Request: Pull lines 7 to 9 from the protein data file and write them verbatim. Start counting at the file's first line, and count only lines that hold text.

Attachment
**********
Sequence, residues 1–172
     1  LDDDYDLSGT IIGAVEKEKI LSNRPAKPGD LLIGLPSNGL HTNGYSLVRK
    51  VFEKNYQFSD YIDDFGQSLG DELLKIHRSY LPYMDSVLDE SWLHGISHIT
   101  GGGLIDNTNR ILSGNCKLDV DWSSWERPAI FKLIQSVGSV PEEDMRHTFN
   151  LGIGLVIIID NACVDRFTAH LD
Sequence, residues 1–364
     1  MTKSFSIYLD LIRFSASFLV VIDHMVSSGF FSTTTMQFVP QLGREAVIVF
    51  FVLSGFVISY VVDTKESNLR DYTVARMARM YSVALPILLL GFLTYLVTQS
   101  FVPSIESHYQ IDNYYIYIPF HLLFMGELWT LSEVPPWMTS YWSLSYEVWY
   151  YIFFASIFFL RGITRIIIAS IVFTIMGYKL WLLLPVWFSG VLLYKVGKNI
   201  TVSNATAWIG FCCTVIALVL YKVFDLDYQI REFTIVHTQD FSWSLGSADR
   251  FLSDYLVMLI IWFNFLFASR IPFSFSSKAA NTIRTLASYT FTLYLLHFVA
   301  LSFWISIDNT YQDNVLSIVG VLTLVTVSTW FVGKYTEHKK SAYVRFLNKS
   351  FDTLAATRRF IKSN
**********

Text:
     1  MTKSFSIYLD LIRFSASFLV VIDHMVSSGF FSTTTMQFVP QLGREAVIVF
    51  FVLSGFVISY VVDTKESNLR DYTVARMARM YSVALPILLL GFLTYLVTQS
   101  FVPSIESHYQ IDNYYIYIPF HLLFMGELWT LSEVPPWMTS YWSLSYEVWY